Apple Rootstock Info: G.210

Characteristic Detail Description
Rootstock G.210

G.210 is a semidwarfing rootstock that is resistant to fire blight (Erwinia amylovora) and crown rot (Phytopthora spp.). It is a hybrid from a cross between  and is larger than Ottawa 3 but smaller than Robusta 5. It is similar in size to Malling 7 but more productive and precocious.

Synonyms Geneva 210
Origin Ottawa 3 and Robusta 5
Availability Trial
Tree Size 60-65%
Precocity Early
Winter Hardiness Hardy
Suckering Low
Tree Support Needed Yes

Apple Rootstock Info: G.16

Characteristic Detail Description
Rootstock G.16

Resulted from a cross between Ottawa 3 and Malus floribunda and introduced by the New York State Agricultural Experiment Station, Geneva, NY.  G.16 is a dwarfing rootstock and produces a tree similar in size to M.9. It is very precocious and has productivity similar to M.9, and requires full tree support. It is highly resistant to fire blight, quite resistant to crown and root rots, but susceptible to woolly apple aphid. G.16 is hypersensitive to

Apple Rootstock Info: G.30

Characteristic Detail            Description
Rootstock G.30

Resulted from a cross between M.9 and Robusta 5 and introduced by the New York State Agricultural Experiment Station, Geneva, NY.  G.30 produces a fairly vigorous dwarf tree, similar in size to M.26. Precocity and productivity are also similar to M.26. G.30 is highly resistant to fireblight and quite resistant to crown and root rots, but susceptible to woolly apple aphid. G.30 was tested at 20 locations in the NC-140 1994 semi-dwarf rootstock trial with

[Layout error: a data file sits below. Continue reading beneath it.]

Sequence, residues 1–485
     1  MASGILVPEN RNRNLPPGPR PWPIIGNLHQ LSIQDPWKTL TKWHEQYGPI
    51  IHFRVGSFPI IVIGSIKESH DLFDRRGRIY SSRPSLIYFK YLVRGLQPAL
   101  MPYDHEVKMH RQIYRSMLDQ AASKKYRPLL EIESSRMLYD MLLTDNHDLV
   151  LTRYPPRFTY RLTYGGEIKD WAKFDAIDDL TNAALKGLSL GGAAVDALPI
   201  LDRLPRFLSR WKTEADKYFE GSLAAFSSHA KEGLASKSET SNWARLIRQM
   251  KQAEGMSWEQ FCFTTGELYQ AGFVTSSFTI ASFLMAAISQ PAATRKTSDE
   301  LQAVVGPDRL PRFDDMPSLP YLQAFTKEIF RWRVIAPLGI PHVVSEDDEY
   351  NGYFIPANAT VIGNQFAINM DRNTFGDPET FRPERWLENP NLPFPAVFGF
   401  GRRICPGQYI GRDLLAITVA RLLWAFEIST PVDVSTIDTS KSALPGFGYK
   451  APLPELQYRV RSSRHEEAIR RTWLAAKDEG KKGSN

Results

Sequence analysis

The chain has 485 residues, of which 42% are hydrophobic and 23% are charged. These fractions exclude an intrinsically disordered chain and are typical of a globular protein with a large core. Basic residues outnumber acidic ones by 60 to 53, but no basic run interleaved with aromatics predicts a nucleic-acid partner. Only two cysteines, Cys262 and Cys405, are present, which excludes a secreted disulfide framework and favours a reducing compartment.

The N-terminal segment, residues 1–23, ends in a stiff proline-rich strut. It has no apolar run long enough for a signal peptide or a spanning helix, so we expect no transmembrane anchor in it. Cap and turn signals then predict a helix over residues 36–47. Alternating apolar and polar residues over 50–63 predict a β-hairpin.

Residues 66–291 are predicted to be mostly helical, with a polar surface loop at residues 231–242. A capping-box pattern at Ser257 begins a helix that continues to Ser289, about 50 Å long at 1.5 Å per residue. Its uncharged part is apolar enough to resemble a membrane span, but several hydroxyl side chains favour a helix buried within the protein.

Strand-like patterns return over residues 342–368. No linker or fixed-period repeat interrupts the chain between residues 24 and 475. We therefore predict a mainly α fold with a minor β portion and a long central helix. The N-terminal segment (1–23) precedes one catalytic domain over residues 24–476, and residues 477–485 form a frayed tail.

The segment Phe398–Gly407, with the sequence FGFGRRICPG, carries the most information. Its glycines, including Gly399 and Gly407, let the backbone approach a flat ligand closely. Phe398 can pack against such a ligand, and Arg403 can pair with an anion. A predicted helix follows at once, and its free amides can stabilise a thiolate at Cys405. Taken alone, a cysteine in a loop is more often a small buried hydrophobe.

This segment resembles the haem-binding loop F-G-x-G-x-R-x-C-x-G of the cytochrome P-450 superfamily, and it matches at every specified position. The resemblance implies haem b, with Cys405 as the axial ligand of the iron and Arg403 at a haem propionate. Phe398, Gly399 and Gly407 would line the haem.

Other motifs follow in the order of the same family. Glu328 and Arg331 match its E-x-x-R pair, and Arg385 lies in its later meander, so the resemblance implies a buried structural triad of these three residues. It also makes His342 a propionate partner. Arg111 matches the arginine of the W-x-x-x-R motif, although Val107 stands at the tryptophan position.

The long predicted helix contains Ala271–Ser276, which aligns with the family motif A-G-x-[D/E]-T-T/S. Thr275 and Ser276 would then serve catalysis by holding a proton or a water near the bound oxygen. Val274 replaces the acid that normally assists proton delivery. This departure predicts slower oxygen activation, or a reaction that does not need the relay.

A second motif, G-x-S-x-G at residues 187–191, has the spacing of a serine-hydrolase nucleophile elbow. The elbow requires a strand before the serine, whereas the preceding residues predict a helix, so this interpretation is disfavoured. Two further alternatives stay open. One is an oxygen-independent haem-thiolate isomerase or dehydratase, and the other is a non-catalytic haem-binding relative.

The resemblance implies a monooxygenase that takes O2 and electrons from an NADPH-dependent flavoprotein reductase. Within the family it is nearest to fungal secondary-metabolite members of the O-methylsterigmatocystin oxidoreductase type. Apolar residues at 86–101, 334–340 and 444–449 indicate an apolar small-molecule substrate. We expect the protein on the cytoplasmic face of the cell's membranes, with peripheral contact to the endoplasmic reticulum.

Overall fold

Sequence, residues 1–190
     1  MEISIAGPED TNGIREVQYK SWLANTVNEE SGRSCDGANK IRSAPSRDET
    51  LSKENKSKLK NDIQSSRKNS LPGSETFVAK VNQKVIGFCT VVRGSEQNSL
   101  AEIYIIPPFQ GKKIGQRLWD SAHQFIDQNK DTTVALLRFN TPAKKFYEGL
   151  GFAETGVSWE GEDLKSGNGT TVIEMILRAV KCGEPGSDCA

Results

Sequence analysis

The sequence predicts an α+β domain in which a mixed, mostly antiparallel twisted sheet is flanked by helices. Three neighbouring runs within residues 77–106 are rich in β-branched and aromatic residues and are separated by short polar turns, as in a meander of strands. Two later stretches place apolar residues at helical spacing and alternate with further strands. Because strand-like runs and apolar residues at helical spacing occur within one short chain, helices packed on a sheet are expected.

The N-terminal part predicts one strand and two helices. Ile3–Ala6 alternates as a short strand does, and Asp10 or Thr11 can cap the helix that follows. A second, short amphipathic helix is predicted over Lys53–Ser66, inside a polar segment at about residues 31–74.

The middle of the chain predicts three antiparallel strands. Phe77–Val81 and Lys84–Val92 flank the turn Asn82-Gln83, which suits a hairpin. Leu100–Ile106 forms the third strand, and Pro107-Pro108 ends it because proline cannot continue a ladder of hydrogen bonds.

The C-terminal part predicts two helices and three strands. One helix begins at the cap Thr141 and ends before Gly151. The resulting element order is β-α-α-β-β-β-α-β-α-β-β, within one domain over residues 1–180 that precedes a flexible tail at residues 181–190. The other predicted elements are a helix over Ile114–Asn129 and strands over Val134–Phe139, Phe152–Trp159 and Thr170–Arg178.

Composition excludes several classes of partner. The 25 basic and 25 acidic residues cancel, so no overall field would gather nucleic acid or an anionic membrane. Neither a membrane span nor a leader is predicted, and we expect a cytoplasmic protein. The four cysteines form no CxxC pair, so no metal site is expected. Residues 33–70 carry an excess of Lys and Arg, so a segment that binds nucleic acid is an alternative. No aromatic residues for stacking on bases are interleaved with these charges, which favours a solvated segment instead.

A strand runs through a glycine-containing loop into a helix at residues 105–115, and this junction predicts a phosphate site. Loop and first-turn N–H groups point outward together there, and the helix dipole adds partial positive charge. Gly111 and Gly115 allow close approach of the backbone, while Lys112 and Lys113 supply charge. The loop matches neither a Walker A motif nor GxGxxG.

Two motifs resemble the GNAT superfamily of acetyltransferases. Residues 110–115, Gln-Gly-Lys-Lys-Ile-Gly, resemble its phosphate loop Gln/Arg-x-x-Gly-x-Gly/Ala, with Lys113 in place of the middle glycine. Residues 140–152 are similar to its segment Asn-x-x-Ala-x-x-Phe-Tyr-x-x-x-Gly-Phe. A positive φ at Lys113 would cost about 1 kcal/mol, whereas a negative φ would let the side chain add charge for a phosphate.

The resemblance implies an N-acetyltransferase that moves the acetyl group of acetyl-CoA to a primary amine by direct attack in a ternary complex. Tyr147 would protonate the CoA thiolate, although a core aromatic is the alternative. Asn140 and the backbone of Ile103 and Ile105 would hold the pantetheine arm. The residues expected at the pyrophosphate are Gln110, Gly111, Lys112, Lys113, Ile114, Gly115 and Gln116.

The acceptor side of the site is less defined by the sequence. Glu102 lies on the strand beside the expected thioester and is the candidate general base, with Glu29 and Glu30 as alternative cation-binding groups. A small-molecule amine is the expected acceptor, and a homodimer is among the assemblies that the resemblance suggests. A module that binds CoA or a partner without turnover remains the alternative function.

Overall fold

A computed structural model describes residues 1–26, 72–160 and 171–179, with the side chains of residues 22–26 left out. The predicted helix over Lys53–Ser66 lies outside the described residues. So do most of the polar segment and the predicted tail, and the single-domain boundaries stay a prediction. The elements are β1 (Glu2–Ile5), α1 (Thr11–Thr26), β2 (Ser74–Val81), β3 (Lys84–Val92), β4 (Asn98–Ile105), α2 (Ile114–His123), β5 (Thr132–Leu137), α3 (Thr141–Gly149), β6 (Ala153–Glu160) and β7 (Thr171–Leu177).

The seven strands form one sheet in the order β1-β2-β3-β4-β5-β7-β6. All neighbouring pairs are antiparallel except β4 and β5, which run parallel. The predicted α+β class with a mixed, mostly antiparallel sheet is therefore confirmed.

Apple Rootstock Info: G.969

Characteristic Detail            Description
Rootstock G.969

G.969 is a semidwarfing rootstock that is resistant to fire blight, crown rot, and woolly apple aphid. It is classified as having growth control between M.7 and MM.106. The rootstocks produce few root suckers or burr knots. Suggested for trial for growers desiring a freestanding tree.

Synonyms Geneva 969
Origin N/A
Availability Limited availability
Tree Size 70-75%
Precocity Intermediate
Winter Hardiness Hardy
Suckering N/A
Tree Support Needed No
Where tested within NC-140 or other research

How New Apple Rootstocks Are Developed

Breeding improved apple rootstocks has been a priority research area in New York State since Dr. Jim Cummins and Dr. Herb Aldwinkle initiated crosses in 1970. In 1998, the rootstock program became a joint Cornell/U.S. Department of Agriculture program and in 2011 is headed by Dr. Gennaro Fazio. The program has focused on creating rootstocks that are resistant to the major apple diseases, fire blight (Erwinia amylovora) and crown rot (Phytophthora cactorum), and tolerant to a …